from libcloud.compute.types import Provider from libcloud.compute.providers import get_driver Driver = get_driver(Provider.GCE) gce = Driver('your_service_account_email', 'path_to_pem_file', datacenter='us-central1-a', project='your_project_id')
Then, you may want to get a list of machine sizes or images to use for your node creation:
sizes = gce.list_sizes() images = gce.list_images()
and then filter them to find the correct size/image object to create your node. For example:
size_obj = [s for s in sizes if s.id == 'n1-standard-1'] image_obj = [i for i in images if i.name == 'debian-7']
Finally, you would create the node using the create_node() method:
new_node = gce.create_node(name='my_node', size=size_obj, image=img_obj)
The GCE driver also supports the ability to pass in size/image by name instead of by object, so you could create your new node like this, without looking up the sizes/images:
new_node = gce.create_node(name='my_node', size='n1-standard-1', image='debian-7')
In this case a new node will be created using the “n1-standard-1” machine type and will use the latest “debian-7” image that is available.
Creating Multiple Instances
We have added an extra method to the Compute Engine driver to help in the creation of multiple instances/nodes in parallel. This is the “ex_create_multiple_nodes()” method, and it can be used like this:
base_name = 'multiple-nodes' number = 20 start_time = time.time() multi_nodes = gce.ex_create_multiple_nodes( base_name, 'n1-standard-1', 'debian-7', number) end_time = time.time() print('Created the following %s nodes in %.2f seconds' % ( number, end_time-start_time)) for node in multi_nodes: print(' %s' % node.name)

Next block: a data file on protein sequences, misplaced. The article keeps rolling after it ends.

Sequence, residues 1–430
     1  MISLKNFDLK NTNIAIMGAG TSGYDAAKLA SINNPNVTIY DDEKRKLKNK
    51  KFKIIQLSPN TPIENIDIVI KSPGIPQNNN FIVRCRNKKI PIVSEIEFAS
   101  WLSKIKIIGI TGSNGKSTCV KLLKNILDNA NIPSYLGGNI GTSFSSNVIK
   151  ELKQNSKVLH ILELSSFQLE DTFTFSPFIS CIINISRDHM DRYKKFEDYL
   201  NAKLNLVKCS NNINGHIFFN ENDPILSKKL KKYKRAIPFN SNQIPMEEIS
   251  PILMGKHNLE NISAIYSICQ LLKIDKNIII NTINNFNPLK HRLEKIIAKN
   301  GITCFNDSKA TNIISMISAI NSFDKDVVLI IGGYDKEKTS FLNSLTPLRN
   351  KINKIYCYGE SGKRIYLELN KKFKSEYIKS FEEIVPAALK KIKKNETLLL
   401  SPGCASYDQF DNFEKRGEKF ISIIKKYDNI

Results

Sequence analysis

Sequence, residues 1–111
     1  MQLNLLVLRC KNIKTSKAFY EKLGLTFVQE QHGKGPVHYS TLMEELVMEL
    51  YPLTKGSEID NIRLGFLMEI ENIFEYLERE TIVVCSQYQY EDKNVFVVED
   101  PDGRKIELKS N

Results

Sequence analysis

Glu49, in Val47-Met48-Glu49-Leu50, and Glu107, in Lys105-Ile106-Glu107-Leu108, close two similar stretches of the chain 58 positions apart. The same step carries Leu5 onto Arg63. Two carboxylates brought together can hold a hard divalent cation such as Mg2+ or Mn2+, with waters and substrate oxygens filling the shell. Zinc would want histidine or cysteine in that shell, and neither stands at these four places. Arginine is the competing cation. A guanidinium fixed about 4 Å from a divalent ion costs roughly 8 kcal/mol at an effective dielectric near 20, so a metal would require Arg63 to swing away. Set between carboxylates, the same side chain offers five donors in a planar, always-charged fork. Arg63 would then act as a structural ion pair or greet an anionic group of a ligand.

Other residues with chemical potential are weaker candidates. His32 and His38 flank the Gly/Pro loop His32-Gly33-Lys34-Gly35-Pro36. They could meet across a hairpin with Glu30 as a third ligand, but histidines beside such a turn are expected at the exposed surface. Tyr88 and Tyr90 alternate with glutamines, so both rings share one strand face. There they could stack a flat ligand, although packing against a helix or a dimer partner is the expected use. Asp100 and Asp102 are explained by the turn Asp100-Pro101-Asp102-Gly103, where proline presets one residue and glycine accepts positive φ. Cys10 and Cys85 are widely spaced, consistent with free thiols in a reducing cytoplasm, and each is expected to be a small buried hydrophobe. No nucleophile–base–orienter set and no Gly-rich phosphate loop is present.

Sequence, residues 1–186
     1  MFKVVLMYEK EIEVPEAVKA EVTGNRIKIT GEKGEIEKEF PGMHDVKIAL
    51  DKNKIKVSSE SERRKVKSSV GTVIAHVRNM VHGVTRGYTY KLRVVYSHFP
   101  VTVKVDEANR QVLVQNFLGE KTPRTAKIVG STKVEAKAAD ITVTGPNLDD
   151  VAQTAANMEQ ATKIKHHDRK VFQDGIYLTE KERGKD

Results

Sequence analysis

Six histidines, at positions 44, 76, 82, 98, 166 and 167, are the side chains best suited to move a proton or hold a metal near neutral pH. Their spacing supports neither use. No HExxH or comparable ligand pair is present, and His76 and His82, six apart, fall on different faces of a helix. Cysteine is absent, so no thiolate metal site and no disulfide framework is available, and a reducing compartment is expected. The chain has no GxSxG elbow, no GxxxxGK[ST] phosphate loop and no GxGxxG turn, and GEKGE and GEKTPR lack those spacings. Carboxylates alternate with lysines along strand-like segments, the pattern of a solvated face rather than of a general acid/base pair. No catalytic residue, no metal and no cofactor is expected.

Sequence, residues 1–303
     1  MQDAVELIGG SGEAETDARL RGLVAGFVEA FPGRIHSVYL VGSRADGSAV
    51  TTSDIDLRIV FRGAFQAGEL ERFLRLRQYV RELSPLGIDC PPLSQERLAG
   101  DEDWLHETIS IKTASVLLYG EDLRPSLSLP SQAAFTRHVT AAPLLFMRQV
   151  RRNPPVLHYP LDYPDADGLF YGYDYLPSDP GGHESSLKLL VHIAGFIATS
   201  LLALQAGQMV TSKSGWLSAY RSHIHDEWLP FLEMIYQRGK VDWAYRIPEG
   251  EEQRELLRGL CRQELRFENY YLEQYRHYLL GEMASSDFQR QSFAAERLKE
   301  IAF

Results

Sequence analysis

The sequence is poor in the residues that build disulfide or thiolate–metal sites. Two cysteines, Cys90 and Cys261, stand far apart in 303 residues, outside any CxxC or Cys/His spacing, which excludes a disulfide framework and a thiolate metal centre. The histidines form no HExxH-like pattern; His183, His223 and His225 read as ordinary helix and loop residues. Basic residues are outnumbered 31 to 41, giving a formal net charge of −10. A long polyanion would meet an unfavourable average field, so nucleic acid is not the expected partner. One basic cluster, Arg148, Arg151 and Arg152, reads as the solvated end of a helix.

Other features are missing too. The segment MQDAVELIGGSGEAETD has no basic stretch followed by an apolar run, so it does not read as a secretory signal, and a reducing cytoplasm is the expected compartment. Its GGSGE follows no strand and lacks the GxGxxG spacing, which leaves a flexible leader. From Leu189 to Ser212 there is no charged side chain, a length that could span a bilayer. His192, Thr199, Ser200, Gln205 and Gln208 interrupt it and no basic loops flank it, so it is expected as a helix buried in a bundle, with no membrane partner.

Running this gives the following output (timing will likely vary somewhat):
Created the following 20 nodes in 35.77 seconds multiple-nodes-000 multiple-nodes-001 multiple-nodes-002 multiple-nodes-003 multiple-nodes-004 ...
This post showed you how to get started, and additional example code can be found in the Libcloud Compute Engine demo code. The demo code can show you how to use most of the features of the driver, including: Creating disks, firewalls and addresses; setting tags; attaching and detaching disks and deleting resources. There is separate demo code for the Load Balancer functions which shows how to quickly set up 3 web servers with a Load Balancer controlling the traffic to them. In addition, the driver documentation contains the documentation for the extra methods that cover nearly all of the features of the Compute Engine API.
We are excited to be able to contribute to the Libcloud project and hope that you will find it useful. We like working with Libcloud and have used it as the basis for contributing code to other open source projects such as Ansible and SaltStack. If you run into problems or find bugs, please report them (or send a pull request) and we will be happy to continue to fix and enhance the Compute Engine driver in Libcloud.
The Project Management Committee (PMC) for Apache Libcloud has asked Sebastien Goasguen (sebgoa) to join us as a committer and a PMC member. We are pleased to announce that he has accepted.
Sebastien is no stranger to the Libcloud project. He has been contributing and actively participating in the Libcloud community for quite a while now.
On top of that, he is also a PMC member at the Apache CloudStack project and our local “CloudStack guy”.
We are happy to have him and some direct CloudStack expertise in our team.
If you would like to participate in Google Summer of Code 2014 and work on Apache Libcloud, we invite you to read the following blog post for more information - Libcloud Google Summer of Code 2014 Call for Participation.